II-II, Q. 122, Art. 1, whether the precepts of the decalogue are precepts of justice

Week 9:

Thomas Aquinas, Summa Theologiae, as follows.  Available at http://www.newadvent.org/summa .

I-II, Q. 92, Art. 1, whether an effect of law is to make men good

I-II, Q. 96, Art. 2, whether it belongs to the human law to repress all vices

I-II, Q. 96, Art. 3, whether human law prescribes all acts of virtue

I-II, Q. 105, Art. 1, whether the Old Law enjoined fitting precepts concerning rulers (that is, whether the law of the Old Testament enjoined fitting precepts concerning the form of government)

Week 10:

Samuel Langdon, "Government Corrupted by Vice, and Recovered by Righteousness," 1775.  Public domain.  Readings packet item 2.

David Hume, “That Politics May Be Reduced to a Science.”  Available at http://www.constitution.org/dh/polscien.htm .

James Madison, speech at the Virginia Ratifying Convention (20 June 1788), paragraph 9.  The relevant passage by itself is available at http://press-pubs.uchicago.edu/founders/documents/v1ch13s36.html .  To read it in context, see http://csac.history.wisc.edu/14._James_Madison_Speech_in_the_Virginia_Ratifying_Convention%281%29.pdf .

James Madison, Federalist, No. 10, paragraphs 17-19.  Available at http://www.constitution.org/fed/federa10.htm .

James Madison, Federalist, No. 51, entire.  Available at http://www.constitution.org/fed/federa51.htm .

Alexander Hamilton, Federalist, No. 55, final paragraph.  Available at http://www.constitution.org/fed/federa55.htm .

Alexander Hamilton, Federalist, No. 75, final paragraph.  Available at http://www.constitution.org/fed/federa76.htm .

Alexander Hamilton, Federalist, No. 84, paragraph 11.  Available at http://www.constitution.org/fed/federa84.htm .

Centinal, No. 1, the paragraphs excerpted at http://press-pubs.uchicago.edu/founders/documents/v1ch11s11.html .

Week 11:

Albert W. Alschuler, “A Century of Skepticism.”  Available at http://www.firstthings.com/article/2002/02/003-a-century-of-skepticism .  The complete version of this essay may be found in Michael W. McConnell, Robert F. Cochran, Jr., and Angela C. Carmella, eds., Christian Perspectives on Legal Thought (Yale University Press, 2001).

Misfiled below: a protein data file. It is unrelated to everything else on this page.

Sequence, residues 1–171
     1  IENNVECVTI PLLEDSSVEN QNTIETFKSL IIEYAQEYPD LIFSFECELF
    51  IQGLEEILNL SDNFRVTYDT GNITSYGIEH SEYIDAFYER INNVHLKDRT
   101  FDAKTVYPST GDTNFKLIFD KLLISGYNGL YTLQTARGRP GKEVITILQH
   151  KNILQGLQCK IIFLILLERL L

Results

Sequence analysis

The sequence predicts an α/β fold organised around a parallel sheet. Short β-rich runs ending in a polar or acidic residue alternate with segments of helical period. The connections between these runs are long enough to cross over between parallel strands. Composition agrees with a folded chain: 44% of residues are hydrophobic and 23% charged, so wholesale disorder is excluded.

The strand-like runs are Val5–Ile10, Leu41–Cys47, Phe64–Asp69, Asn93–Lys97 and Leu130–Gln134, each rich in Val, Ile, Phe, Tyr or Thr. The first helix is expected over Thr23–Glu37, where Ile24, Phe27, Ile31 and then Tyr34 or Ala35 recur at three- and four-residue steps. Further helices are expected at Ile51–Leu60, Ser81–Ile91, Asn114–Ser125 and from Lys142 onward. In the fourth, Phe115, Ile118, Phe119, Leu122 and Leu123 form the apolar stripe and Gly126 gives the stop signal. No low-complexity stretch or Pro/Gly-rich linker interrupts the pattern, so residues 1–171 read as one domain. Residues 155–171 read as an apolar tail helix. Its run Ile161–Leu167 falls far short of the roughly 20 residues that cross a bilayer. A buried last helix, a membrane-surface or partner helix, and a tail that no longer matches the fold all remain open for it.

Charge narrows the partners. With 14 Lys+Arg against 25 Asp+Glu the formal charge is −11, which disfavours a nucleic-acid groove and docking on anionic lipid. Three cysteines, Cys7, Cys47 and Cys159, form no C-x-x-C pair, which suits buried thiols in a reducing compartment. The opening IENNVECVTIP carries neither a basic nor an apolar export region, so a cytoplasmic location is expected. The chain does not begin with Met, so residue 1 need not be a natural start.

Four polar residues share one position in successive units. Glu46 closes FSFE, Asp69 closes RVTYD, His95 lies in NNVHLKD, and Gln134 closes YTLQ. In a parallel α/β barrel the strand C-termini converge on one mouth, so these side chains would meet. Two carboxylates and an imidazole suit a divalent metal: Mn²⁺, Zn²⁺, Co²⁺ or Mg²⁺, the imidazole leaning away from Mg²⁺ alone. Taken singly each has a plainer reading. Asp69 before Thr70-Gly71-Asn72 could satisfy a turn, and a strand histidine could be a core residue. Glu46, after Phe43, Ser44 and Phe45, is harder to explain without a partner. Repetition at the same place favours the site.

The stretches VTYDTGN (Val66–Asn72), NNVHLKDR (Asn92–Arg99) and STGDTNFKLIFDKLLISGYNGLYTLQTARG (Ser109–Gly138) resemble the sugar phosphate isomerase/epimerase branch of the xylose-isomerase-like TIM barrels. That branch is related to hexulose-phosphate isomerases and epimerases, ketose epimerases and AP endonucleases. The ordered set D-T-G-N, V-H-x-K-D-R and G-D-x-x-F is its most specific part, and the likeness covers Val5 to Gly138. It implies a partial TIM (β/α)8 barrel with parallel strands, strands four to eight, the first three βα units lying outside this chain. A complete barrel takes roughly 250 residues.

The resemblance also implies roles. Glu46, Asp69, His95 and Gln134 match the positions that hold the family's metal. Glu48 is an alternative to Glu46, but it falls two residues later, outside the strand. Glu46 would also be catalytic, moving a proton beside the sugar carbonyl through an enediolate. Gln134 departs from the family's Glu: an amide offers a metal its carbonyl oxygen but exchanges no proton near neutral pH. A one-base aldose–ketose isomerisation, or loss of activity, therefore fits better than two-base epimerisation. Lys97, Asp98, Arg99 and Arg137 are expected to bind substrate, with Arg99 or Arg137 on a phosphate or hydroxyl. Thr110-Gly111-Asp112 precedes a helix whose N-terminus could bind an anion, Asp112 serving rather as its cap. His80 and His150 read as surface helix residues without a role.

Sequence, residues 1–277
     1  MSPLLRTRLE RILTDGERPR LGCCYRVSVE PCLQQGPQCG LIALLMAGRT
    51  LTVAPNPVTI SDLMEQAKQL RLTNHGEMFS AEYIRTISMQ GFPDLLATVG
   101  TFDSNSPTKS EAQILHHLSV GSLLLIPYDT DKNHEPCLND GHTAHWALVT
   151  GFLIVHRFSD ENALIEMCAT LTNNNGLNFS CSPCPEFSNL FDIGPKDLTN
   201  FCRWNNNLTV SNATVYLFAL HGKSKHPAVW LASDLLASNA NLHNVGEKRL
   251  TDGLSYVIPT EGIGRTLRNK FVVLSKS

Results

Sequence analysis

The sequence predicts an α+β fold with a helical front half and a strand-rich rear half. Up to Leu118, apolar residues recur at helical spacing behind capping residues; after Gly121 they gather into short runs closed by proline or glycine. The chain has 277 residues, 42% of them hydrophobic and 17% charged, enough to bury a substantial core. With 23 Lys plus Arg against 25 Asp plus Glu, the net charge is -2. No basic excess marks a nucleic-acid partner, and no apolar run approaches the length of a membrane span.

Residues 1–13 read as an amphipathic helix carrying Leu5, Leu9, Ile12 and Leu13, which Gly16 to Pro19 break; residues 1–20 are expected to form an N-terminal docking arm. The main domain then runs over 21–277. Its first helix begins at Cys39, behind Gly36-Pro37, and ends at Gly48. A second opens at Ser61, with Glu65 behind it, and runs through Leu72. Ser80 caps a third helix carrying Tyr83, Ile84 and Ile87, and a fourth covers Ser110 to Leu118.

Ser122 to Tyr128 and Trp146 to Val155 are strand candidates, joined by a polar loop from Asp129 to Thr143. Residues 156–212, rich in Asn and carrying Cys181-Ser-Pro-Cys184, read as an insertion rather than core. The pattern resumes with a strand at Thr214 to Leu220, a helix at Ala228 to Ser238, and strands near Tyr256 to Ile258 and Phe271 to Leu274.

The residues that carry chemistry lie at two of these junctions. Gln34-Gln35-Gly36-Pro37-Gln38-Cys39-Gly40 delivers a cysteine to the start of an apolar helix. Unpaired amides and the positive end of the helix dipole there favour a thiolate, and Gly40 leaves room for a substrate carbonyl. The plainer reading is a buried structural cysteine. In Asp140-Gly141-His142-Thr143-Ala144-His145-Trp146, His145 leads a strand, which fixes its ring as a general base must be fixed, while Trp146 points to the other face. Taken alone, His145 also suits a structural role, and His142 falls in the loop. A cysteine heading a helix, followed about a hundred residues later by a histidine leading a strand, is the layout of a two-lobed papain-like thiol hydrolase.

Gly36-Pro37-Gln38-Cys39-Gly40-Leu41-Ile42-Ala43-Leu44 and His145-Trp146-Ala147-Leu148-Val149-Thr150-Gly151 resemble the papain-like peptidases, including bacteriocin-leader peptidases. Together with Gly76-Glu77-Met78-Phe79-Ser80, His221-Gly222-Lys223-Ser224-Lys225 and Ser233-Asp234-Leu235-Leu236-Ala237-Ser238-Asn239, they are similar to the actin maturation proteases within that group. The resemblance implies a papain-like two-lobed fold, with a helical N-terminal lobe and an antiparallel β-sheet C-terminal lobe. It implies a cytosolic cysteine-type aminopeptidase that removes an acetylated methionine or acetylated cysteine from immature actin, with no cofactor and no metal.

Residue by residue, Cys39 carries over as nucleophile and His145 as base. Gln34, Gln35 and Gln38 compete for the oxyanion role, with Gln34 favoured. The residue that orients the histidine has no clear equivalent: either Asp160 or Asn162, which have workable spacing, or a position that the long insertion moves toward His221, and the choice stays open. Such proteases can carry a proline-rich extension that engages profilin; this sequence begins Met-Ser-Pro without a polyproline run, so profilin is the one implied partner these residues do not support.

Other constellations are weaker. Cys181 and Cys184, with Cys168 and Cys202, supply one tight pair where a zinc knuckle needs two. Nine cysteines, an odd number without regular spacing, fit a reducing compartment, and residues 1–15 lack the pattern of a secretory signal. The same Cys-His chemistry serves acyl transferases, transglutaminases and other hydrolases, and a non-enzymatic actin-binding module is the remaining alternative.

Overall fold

J. Budziszewski, “Politics of Virtues, Government of Knaves.”  Available at http://www.firstthings.com/article/1994/06/politics-of-virtuesgovernment-of-knaves .

J. Budziszewski, “The Lower Is Not the More Solid.”  Communio: International Catholic Review 38 (Summer 2011), pp. 279-297.  Readings packet item 3.

Timothy Cantu, “Virtue Jurisprudence and the American Constitution,” Notre Dame Law Review 88:3 (2013), pp. 1521-1542.  Available at http://scholarship.law.nd.edu/cgi/viewcontent.cgi?article=1137&context=ndlr .

Week 12:

G.E.M. Anscombe, “Modern Moral Philosophy,” Philosophy 33:124 (1958), pp. 1-16.  Available at http://www.pitt.edu/~mthompso/readings/mmp.pdf and at http://www.philosophy.uncc.edu/mleldrid/cmt/mmp.html .

Josef Pieper, “Justice,” comprising pp. 41-113 of Joseph Pieper, The Cardinal Virtues (Notre Dame, Indiana:  University of Notre Dame Press, 1966).  Readings packet item 4.

Peter Geach, “Justice,” comprising pp. 110-130 (Chapter 6) of  Peter Geach, The Virtues (Cambridge, England:  Cambridge University Press, 1977).  Readings packet item 5.

Week 13:

Alasdair MacIntyre, “Justice as a Virtue: Changing Conceptions,” comprising pp. 244-255 (Chapter 17) of Alasdair MacIntyre, After Virtue, 2d ed. (Notre Dame, Indiana:  University of Notre Dame Press, 1984).  Readings packet item 6.

Alasdair MacIntyre, “The Political and Social Structures of the Common Good,” comprising pp. 129-146 (Chapter 11) of Alasdair MacIntyre, Dependent Rational Animals (Peru, Illinois:  Carus Publishing, 1999).  Readings packet item 7.

Alasdair MacIntyre (with comments by Donald P. Kommers and W. David Solomon), “The Privatization of Good,”  Review of Politics 52:3 (1990), pp. 344-377.  Available through JSTOR.

Week 14:

If this is Fall Semester, then this is Thanksgiving week.  No class meeting.

Week 15:

Wide-open discussion of the entire theme of politics, law, and moral character.  No new readings.  Review the readings for the entire semester.